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I'm currently experimenting with gridsearch to train a support vector machine. I understand that, if I have parameter gamma and C, the R function tune.svm performs a 10-fold cross validation for all combinations of these 2 parameters.

Since I did not know how to start, I tried to get some information about it, for example wikipedia2 suggests values that are not linear, e.g. C in the range {10, 100, 1000}.

So far I use the examples from my second wikipedia link, which is:

gammas = 2^(-15:3)
costs = 2^(-5:15)

Which results into 399 combinations.

This takes very, very long (~2000 samples). For example for the kernel "radial" my best result is gamma = 0.5 and cost = 2.

Couldn't I get the same result if I just used values like (1, 2, 3, 4, ... 10) for costs and (0, 0.5, 1, 1.5, 2) for gammas? I know this example is constructed because I already know the result.

My question:

But why this exponential scale?

There are so many values between 0 and 1 that I think this is a waste of computation time and only so few very big numbers that it couldn't find a very exact result anyway. It would only make sense for me if this was used to find a smaller range, let's say we then know the best cost is 2^3 and then we search around that. But it's nowhere mentioned that is performed that way.

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    $\begingroup$ That is exactly why grid search is a poor method to find optimal parameters. You may want to check out libraries that provide dedicated optimization methods, like Optunity. $\endgroup$ – Marc Claesen Oct 15 '15 at 15:10
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The reason for the exponential grid is that both C and gamma are scale parameters that act multiplicatively, so doubling gamma is as likely to have roughly as big an effect (but in the other direction) as halving it. This means that if we use a grid of approximately exponentially increasing values, there is roughly the same amount of "information" about the hyper-parameters obtained by the evaluation of the model selection criterion at each grid point.

I usually search on a grid based on integer powers of 2, which seems to work out quite well (I am working on a paper on optimising grid search - if you use too fine a grid you can end up over-fitting the model selection criterion, so a fairly coarse grid turns out to be good for generalisation as well as computational expense.).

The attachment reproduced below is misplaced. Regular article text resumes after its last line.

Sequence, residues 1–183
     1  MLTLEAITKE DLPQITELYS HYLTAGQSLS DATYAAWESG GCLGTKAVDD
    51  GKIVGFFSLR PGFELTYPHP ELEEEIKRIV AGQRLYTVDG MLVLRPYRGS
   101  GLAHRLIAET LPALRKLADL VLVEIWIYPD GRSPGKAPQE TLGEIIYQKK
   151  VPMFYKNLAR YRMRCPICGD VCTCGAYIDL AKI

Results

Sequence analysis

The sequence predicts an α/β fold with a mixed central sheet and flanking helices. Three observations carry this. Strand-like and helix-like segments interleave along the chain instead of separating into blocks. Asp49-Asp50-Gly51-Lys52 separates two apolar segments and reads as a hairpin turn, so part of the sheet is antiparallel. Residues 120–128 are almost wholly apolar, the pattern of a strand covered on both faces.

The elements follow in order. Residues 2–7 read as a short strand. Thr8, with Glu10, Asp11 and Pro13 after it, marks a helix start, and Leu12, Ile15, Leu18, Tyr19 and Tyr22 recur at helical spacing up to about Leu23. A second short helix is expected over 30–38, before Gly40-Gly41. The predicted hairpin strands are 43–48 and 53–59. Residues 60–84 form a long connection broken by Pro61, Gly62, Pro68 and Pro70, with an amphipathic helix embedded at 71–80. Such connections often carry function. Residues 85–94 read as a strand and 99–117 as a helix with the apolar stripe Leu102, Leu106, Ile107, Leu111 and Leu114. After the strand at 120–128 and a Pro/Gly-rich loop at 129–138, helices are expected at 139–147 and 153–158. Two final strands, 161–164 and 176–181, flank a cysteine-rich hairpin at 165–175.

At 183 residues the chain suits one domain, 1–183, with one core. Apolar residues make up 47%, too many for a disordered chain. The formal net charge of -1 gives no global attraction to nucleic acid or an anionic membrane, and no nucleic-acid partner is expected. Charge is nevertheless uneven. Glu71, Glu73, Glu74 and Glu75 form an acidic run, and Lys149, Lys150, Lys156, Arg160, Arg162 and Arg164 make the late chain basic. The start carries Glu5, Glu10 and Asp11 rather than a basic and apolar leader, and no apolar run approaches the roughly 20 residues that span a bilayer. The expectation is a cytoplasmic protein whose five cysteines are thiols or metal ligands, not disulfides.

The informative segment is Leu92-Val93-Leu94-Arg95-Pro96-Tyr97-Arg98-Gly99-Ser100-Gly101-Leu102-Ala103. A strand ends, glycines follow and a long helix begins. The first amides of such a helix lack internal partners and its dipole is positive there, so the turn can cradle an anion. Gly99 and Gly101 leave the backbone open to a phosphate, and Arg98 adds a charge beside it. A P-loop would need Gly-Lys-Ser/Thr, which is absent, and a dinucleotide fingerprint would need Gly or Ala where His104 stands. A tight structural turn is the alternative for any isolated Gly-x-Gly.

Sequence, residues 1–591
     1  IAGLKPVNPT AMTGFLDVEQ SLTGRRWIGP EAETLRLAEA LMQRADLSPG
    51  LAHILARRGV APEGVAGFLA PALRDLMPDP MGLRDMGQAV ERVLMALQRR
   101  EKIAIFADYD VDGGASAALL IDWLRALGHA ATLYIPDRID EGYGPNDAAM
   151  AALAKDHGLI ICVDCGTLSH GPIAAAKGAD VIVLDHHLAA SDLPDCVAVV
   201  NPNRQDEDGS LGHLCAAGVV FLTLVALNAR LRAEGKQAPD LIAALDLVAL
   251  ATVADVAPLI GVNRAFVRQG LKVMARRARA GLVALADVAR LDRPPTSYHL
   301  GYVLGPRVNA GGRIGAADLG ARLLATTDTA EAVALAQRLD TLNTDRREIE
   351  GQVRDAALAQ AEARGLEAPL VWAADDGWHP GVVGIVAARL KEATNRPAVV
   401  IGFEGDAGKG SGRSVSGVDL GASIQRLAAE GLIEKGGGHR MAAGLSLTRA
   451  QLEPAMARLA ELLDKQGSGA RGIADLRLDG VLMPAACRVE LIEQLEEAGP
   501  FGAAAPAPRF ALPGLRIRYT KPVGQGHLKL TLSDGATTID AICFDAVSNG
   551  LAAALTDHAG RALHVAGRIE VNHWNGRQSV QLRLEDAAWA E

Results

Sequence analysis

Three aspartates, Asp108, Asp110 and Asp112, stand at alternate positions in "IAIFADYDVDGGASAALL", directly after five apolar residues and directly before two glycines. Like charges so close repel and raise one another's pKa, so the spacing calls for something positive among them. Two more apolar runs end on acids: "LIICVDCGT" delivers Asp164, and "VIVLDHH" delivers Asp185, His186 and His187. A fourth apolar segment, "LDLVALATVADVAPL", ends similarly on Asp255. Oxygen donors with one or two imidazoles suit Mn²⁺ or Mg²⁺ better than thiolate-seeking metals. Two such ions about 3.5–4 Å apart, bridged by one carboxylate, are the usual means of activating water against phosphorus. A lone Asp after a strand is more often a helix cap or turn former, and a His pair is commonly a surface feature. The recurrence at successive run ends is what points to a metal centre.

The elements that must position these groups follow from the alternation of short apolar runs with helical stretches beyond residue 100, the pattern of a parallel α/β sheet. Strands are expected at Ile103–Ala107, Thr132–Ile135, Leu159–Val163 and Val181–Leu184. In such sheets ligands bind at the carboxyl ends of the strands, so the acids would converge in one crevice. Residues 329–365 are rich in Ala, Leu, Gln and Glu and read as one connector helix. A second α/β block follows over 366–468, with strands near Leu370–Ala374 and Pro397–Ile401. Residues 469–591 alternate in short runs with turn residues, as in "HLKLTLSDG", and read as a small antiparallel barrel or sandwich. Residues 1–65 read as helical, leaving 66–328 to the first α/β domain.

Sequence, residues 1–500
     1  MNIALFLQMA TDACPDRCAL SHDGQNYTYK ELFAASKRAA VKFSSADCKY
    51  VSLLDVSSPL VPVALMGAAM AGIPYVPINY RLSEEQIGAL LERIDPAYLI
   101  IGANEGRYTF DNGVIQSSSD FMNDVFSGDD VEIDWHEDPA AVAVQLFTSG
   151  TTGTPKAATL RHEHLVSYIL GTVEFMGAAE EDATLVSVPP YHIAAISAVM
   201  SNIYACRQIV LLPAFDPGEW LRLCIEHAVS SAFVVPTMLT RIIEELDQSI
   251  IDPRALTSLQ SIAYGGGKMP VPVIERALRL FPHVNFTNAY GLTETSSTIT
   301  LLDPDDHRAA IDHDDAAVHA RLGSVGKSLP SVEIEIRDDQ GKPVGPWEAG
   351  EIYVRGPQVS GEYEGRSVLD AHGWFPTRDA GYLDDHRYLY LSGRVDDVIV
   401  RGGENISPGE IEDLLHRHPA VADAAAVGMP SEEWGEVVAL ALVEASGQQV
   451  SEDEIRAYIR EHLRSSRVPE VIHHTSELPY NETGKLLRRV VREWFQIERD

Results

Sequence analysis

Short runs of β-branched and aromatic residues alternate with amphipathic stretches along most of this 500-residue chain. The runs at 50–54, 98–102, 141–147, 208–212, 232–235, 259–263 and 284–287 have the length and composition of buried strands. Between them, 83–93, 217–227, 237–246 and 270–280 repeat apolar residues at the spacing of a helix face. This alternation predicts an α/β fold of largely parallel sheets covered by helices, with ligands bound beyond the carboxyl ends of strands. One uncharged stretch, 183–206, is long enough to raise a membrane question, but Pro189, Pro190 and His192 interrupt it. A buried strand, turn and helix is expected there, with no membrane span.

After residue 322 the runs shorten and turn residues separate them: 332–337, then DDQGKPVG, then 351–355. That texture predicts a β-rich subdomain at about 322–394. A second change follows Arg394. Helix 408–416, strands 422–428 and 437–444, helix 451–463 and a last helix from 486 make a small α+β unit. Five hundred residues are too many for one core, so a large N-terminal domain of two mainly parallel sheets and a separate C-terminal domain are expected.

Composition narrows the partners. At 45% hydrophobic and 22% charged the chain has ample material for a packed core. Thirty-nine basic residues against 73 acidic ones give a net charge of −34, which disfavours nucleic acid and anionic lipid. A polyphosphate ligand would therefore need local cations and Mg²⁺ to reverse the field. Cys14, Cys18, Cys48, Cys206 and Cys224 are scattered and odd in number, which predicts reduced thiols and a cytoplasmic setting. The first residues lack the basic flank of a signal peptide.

As to the wide range, unfortunately the optimal hyper-parameter values depends on the nature of the problem, and on the size of the dataset and cannot be determine a-priori. The reason for the large, apparently wasteful grid, is to make sure good values can be found automatically, with high probability.

If computational expense is an issue, then rather than use grid search, you can use the Nelder-Mead simplex algorithm to optimise the cross-validation error. This is an optimisation algorithm that does not require gradient information, so it is pretty straightforward to use for any problem where grid-search is currently used. I'm not an R user, but Nelder-Mead is implemented in R via optim.

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  • $\begingroup$ The first paragraph explained very well what was unclear to me, I couldn't find that piece of information (about the scaling). $\endgroup$ – Verena Haunschmid Jan 8 '14 at 17:47
  • $\begingroup$ Has the piece you mention in paragraph 2 been published yet? $\endgroup$ – Sycorax Apr 15 '15 at 16:34
  • $\begingroup$ no, sadly rejected, am re-writing to accommodate reviewer's comments. $\endgroup$ – Dikran Marsupial Apr 16 '15 at 9:20
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This is called the "parameter tuning" issue for SVMs. One of the easiest approaches is to take the median of each for the greatest levels of class prediction accuracy obtained as you go through the CV folds.

Also, as a rule of thumb, use a simpler classifier to determine if your data are linearly separable. If k-nearest neighbor (kNN) or linear regression works better, then you shouldn't use a more expensive (computationally) approach like SVM. SVM can be easily overused, so make sure you evaluate linear regression, kNN, linear discriminant analysis, random forests, etc.

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